Dyslipidemia is defined as low or high blood lipid levels. Lipids are fats, such as triglycerides and cholesterol.
Most people maintain lipid levels within normal limits through a balanced diet and exercise. However, some need medication to achieve this goal.
What is Dyslipidemia?
Dyslipidemia refers to the abnormal levels of blood lipids. Although the term is used to describe a wide range of conditions, the most common forms of dyslipidemia include:
- High levels of LDL or “bad” cholesterol
2. Low levels of HDL or “good” cholesterol
3. High levels of triglycerides
4. High cholesterol, ie high LDL and triglycerides
5. Lipids provide energy to cells. These include:
- LDL cholesterol, which is considered harmful as it causes plaque formation in the vessels
- HDL cholesterol, which is beneficial as it helps to remove LDL from the blood
- Triglycerides, which are formed when calories are not consumed immediately and are stored in adipocytes.
Healthy blood lipid levels vary for each patient. However, patients with high levels of LDL and triglycerides as well as very low levels of HDL usually have an increased risk of developing atherosclerosis.
Atherosclerosis occurs when hard, fatty deposits known as plaques form in the blood vessels, thereby blocking blood flow. Gradually, these plaques accumulate, causing significant problems in blood circulation, myocardial infarction and stroke.
Most patients with dyslipidaemia do not understand its symptoms unless it is particularly severe. Your doctor will usually diagnose dyslipidaemia during blood tests for another disease.
Severe untreated dyslipidaemia can lead to other conditions, such as coronary heart disease and peripheral artery disease. The latter can cause serious health complications, such as myocardial infarction and stroke. Common symptoms of these conditions include:
- Pain in the extremities, especially when walking
- Chest pain
- Tightness or pressure in the chest and shortness of breath
- Pain, tightness or pressure on the neck, jaw, shoulders and back
- Indigestion and gastroesophageal reflux disease
- Sleep disorders and feeling tired during the day
- Feeling pulse
- Vomiting and nausea
- Swelling of the legs, ankles, stomach and veins of the throat
These symptoms are exacerbated by exercise and stress and recede during rest.
Contact your doctor immediately if you have chest pain, dizziness, fainting or difficulty breathing.
Dyslipidemia is divided into two types depending on its cause:
Primary dyslipidaemia is usually attributed to genetic factors and is therefore hereditary. The most common causes of primary dyslipidaemia include:
- Family Mixed Hyperlipidemia, which occurs in adolescents and young adults and can raise cholesterol.
- Familial Hyperlipoproteinemia, a mutation in a group of LDL proteins called apolipoproteins
- Family Hypertriglyceridemia, which causes high triglyceride levels
Homozygous familial or polygenic hypercholesterolemia, a mutation in LDL receptors
Secondary dyslipidaemia is caused by lifestyle factors or conditions that affect blood lipid levels.
The most common causes of secondary dyslipidaemia include:
- Obesity, especially the increased weight in the waist area
- Alcohol disorders or alcoholism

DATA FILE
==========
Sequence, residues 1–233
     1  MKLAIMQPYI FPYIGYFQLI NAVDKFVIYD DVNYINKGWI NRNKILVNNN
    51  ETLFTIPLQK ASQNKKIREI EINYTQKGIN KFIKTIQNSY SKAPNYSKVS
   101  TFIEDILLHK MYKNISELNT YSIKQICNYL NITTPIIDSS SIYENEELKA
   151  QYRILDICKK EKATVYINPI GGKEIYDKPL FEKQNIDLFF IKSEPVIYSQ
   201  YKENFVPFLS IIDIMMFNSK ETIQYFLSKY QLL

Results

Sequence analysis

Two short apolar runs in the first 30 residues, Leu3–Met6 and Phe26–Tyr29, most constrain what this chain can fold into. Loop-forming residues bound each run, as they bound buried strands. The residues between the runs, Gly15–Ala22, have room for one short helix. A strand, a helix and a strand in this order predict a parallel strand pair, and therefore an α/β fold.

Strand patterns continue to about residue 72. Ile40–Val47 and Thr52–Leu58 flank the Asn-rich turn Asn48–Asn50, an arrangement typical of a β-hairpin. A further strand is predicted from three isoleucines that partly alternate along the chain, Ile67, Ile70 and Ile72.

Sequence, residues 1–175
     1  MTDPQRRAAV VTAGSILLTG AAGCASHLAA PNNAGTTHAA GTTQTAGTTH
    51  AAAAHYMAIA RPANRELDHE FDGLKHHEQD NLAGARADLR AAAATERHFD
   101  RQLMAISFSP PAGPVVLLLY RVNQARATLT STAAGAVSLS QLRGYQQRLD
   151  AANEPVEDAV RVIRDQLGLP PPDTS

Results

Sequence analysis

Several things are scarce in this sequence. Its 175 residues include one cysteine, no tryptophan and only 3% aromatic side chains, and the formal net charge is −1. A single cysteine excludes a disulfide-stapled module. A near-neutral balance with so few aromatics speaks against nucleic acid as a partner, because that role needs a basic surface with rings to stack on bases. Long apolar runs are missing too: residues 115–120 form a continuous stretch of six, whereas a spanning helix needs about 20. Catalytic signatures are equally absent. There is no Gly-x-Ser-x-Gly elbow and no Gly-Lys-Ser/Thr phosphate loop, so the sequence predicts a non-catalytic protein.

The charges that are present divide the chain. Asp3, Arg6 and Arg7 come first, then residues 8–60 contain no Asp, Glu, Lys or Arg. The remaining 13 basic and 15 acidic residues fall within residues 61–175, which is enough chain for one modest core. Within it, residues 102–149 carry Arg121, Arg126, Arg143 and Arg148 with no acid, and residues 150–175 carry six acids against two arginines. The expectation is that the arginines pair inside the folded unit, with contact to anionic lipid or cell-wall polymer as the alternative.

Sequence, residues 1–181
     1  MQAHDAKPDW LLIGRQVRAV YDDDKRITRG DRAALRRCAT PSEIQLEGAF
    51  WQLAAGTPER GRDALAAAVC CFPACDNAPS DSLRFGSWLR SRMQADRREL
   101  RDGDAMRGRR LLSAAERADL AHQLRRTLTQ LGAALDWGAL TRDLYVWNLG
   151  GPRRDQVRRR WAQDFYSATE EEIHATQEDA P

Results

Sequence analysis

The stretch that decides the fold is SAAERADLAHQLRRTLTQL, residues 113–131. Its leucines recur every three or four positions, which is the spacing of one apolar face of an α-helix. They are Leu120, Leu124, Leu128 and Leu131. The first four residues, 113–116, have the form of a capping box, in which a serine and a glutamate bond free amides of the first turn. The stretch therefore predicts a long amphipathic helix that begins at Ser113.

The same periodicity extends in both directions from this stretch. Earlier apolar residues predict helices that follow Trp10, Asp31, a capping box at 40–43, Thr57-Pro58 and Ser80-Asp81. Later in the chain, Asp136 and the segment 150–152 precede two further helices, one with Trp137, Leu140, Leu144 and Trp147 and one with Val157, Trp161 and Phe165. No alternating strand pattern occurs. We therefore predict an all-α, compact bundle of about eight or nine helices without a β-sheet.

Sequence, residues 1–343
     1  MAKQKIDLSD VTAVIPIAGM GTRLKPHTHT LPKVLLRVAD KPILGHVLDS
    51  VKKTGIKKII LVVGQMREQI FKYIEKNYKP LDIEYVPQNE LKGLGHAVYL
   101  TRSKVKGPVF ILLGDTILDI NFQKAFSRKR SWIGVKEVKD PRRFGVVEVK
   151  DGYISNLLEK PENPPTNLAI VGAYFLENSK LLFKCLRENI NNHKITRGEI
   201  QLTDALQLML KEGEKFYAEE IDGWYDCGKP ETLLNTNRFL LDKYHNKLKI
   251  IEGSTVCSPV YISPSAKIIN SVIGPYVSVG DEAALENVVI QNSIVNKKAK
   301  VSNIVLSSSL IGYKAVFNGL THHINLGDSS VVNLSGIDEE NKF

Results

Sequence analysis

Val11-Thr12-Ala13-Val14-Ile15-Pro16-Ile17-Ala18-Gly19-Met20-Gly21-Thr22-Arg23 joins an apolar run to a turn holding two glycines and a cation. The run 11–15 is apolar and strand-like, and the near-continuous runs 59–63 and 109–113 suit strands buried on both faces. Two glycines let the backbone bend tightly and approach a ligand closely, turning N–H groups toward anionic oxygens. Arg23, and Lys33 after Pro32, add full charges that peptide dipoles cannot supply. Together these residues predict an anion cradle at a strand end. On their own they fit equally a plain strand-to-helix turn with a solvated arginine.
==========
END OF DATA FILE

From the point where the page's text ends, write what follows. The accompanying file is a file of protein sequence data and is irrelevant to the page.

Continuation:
- Polycystic ovary syndrome
- Metabolic Syndrome
- Increased Fat Consumption, Highly Saturated and Trans
- Cushing’s Syndrome
- Inflammatory Bowel Diseases
- Serious infections, such as HIV
- Aneurysm of the abdominal aorta
Certain factors may increase the risk of dyslipidemia. These factors include:
- Living life
- Reduced exercise
- Use of illicit or narcotic substances
- Sexually transmitted diseases
- Type 2 diabetes
- Chronic kidney or liver diseases
- Gastrointestinal diseases
- Diet rich in saturated and trans fats
- Family history of dyslipidaemia
- Female gender (women usually have higher LDL levels after menopause)
The doctor mainly focuses on reducing triglycerides and LDL. However, treatment may vary depending on the underlying cause of dyslipidemia and its severity.
Doctors may prescribe one or more lipid-lowering drugs in patients with very high levels of total cholesterol (over 200 mg/dl).
High cholesterol is usually treated with statins, which affect the production of cholesterol in the liver.
If statins are not sufficient to restore triglyceride levels within normal limits, the physician will administer additional medications, such as:
- Bile acid-binding agents
- Evolokoumba and Fishoukaroum
- Lomitapide and Mimomersen
- Certain lifestyle changes and supplements can help restore lipids to normal levels. These include:
- Restriction on eating unhealthy fats, such as those found in red meat, dairy, processed carbohydrates, chocolate and fried foods.
- Regular exercise
- Maintain a healthy body weight
- Restriction on alcohol consumption
- Stop smoking
- Increasing the consumption of healthy polyunsaturated fats, such as those found in nuts, seeds, legumes, fish, whole grains and olive oil
- Omega 3
- Increase in fibre intake from whole grains, fruits and vegetables
- 6-8 hours of sleep each night
- Adequate water consumption
Patients with mild dyslipidaemia usually have no symptoms. They can usually treat the disease with minor lifestyle changes.
Patients with dyslipidaemia should contact their physician if they experience symptoms related to the heart or bloodstream, such as:
- Angina or chest tightness
- Feeling pulse
- Swelling of the ankles and legs
- Breathing difficulty
- Nausea and gastroesophageal reflux
Patients with severe dyslipidaemia, especially those suffering from other diseases, may also need medications in addition to lifestyle changes.